xmega external crystal won't stabilize

I'm using an ATxmega64A3U, I've connected a 4MHz external crystal and two 18pF load caps. I'm using the ASF module for clock configuration, however when starting up I can see that the code hangs in the following spot:

static inline void osc_wait_ready(uint8_t id)
{
while (!osc_is_ready(id)) {
/* Do nothing */
}
}


The while waits for the clock source to stabilize but that never happens. Does anyone have any suggestions why this could be?

Addition

The code I've posted above is from the ASF, to make sure I know what I'm executing I wrote the following code and could see that the code gets stuck in the while loop that waits for the oscillator to stabilize.

OSC_CTRL |= OSC_XOSCEN_bm;
while(!(OSC_STATUS & OSC_XOSCRDY_bm));
CCP = CCP_IOREG_gc;
CLK_CTRL = (CLK_CTRL & ~CLK_SCLKSEL_gm) | CLK_SCLKSEL_XOSC_gc;
OSC_CTRL &= ~OSC_RC2MEN_bm;


I enable the external oscillator, wait for it to get stable, disable lock on register, switch over to external oscillator, disable internal 2MHz oscillator.

• How do you call the function? Is "id" valid? Feb 20, 2017 at 0:53
• @KevinWhite Code is form ASF, should be fine. I added my own code to the original question. It gets gets stuck in the same place. Feb 20, 2017 at 13:04
• Not that its really relevant, but wasn't there some kind of internal RC oscillator fallback mode in case the external crystal won't start properly? I am just wondering that it "just hangs". But its been w while since I used that.
– Rev
Feb 20, 2017 at 13:14
• @Rev1.0 well there is a safety fall-back, however you need to enable it at the XOSCFAIL register. I did not. Feb 20, 2017 at 13:24

3 Answers

Note that 18pF load capacitance from the data sheet does not mean to put two 18pF capacitors on the board.

Its the total capacitance the crystal should "see". Assuming a stray capacitance of 5pF, you would have

Cl = (18pF*18pF)/(36pF) + 5pF = 14pF

You may want to try something like 24pF for the load capacitors.

Furthermore, the ESR of the crystal you choose it pretty high. This may become an issue if the oscillator circuit cannot adequately drive the crystal.

Higher frequency crystal tend to have lower ESR, so try a crystal with 8 or 16MHz from that series.

• I actually know that you have added capacitance from the tracks, however being off by a bit should affect the operation freq. of the oscillator not the stability AFAIK. However you did say something that I've missed, the fact that higher freq. crystals have lower ESR which might explain why the board is having a hard time driving this one! I think I can unlock the xmega to supply more current to the circuit and perhaps that might help here. Thanks! Feb 20, 2017 at 14:13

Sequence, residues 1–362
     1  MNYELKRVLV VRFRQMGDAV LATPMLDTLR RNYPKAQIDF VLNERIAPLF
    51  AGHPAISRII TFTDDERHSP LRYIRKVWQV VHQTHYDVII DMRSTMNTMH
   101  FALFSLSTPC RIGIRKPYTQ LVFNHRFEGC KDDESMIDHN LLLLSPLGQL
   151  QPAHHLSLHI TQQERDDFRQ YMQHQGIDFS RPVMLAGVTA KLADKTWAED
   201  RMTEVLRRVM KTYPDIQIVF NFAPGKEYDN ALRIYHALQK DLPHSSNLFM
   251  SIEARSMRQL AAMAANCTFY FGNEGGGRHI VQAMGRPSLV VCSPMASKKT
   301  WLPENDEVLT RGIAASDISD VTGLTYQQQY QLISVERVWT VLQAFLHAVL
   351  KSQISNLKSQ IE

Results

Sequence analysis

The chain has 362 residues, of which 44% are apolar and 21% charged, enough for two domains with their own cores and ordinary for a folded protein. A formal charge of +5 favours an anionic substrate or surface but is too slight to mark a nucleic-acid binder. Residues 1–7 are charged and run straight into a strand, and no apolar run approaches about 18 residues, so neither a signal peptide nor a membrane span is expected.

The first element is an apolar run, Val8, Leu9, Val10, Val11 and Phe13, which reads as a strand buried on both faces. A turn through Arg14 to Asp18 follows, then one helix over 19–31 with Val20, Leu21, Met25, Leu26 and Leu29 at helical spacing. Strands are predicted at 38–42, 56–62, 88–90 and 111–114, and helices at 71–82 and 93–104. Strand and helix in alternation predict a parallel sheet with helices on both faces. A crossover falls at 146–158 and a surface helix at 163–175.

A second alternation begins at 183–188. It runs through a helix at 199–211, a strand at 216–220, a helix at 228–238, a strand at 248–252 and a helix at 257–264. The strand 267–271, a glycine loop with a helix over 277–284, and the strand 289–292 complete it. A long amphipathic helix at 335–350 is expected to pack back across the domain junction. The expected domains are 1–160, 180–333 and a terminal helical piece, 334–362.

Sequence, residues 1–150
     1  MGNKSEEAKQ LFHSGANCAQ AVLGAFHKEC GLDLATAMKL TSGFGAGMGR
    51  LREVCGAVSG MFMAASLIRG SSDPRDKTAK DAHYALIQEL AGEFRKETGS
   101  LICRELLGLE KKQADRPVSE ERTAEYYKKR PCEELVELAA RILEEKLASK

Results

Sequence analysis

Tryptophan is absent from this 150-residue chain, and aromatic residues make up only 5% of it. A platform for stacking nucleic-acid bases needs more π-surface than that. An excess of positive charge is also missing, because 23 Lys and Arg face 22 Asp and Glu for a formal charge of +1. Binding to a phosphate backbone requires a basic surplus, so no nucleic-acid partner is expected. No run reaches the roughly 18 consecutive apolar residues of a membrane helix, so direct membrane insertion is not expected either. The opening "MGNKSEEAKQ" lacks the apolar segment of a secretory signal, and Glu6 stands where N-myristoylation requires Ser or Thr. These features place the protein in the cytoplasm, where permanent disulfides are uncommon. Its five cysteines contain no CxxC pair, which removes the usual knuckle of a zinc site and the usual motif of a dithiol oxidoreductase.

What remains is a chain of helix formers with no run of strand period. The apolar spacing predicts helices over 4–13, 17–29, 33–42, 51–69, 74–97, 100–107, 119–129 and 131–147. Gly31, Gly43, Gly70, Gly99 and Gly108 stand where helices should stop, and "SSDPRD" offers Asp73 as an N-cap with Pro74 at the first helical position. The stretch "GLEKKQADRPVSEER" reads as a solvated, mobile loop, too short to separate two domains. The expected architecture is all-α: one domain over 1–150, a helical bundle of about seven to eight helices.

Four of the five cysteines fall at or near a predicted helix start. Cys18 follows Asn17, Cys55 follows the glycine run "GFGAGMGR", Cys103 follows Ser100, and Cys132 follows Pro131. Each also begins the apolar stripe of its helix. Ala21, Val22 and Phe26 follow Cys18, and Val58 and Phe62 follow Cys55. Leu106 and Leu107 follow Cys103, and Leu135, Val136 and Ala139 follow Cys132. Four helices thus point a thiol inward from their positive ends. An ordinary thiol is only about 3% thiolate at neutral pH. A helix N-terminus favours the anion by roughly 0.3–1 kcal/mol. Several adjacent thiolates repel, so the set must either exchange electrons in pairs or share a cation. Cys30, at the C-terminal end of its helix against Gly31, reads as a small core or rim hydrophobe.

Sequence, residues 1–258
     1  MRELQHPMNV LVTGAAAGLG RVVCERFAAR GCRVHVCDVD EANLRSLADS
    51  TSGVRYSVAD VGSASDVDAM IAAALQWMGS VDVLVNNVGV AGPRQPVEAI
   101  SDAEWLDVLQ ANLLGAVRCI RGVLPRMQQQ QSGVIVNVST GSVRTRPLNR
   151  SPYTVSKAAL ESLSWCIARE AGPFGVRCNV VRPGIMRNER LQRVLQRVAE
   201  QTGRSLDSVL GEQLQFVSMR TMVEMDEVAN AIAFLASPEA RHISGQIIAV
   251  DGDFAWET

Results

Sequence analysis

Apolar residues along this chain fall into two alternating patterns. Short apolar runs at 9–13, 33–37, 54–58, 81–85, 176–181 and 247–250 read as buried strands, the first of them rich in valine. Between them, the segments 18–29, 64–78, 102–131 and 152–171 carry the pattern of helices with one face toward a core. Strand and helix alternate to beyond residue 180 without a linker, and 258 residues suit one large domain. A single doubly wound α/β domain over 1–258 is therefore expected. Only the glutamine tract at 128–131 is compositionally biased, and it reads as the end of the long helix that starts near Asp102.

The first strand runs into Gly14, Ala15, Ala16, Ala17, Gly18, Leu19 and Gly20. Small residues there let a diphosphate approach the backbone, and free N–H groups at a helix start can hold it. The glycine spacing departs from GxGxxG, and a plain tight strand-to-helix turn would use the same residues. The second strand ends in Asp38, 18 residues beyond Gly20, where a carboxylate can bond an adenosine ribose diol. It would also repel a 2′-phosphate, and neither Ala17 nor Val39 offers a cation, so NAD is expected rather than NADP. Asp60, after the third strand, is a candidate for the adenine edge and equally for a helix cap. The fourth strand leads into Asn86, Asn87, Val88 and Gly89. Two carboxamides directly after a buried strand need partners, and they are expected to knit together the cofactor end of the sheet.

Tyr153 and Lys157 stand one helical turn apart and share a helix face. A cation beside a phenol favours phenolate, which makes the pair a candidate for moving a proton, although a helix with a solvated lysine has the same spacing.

Place the scope probe, insulated by a dollar bill (thickness is 3 mils, or 1/11mm), against oscillator's Output Node (biggest but distorted voltage). This implements a voltage divider scope-probe, with little additional C on the XTAL+PI capacitors, so any amplitude should be unchanged. The capacitance through the bill's paper is $$C = E0*Er*Area/Distance$$ $$C = 9*10^-12 * 2 (cotton paper) * (1mm * 1mm scope tip area)/0.075mm$$ $$C ~ 2*10^-11 * 0.013 = 0.26pF$$

If your scope probe, in 10X mode, is 13pF, you have a 50:1 divider.

Put the scope on 20mV/division, and your real sensitivity is 1volt/division. With only 0.26pF Cload onto the oscillator.

Examine the two XTAL pins. Find healthy 1vpp, 2vpp, 3vpp signals? at 4.000MHz?

For fun, check out other MCU oscillators, for amplitude and sin-ness and distortion?

Barkhausen gives us 2 requirements for successful oscillation:

(1) voltage gain > 1

(2) EXACTLY ------- exactly ------- N*360 degrees phaseshift.

Some crystal oscillators only achieve EXACTLY N*360 degrees, with some resistance from Vout pin to the PI_network capacitor. Try 100_ohm or 1,000_ohm.

So it turned out to be a software issue! Turned out that there is also need to set the amount of cycles the AVR waits for the oscillator to become stable. I did not set this which obviously caused some kind of trouble. Here is the updated code which waits 16k cycles because I don't need a fast wake-up and that's about 4ms.

OSC_XOSCCTRL = ((OSC_XOSCCTRL & ~OSC_FRQRANGE_gm) | OSC_FRQRANGE_2TO9_gc) |
((OSC_XOSCCTRL & ~OSC_XOSCSEL_gm) | OSC_XOSCSEL3_bm | OSC_XOSCSEL1_bm | OSC_XOSCSEL0_bm);
OSC_CTRL |= OSC_XOSCEN_bm;
while(!(OSC_STATUS & OSC_XOSCRDY_bm));
CCP = CCP_IOREG_gc;
CLK_CTRL = (CLK_CTRL & ~CLK_SCLKSEL_gm) | CLK_SCLKSEL_XOSC_gc;
OSC_CTRL &= ~OSC_RC2MEN_bm;

• If available, you should use a scope to check start-up time and waveform anyway. If it stabilizes only after say 15k cycles, the "next" crystal might not work properly due to slightly different characteristics.
– Rev
Feb 20, 2017 at 16:04
• @Rev1.0 That is true. For the next build I will be using a higher freq. Xtal and divide it down. Feb 20, 2017 at 16:34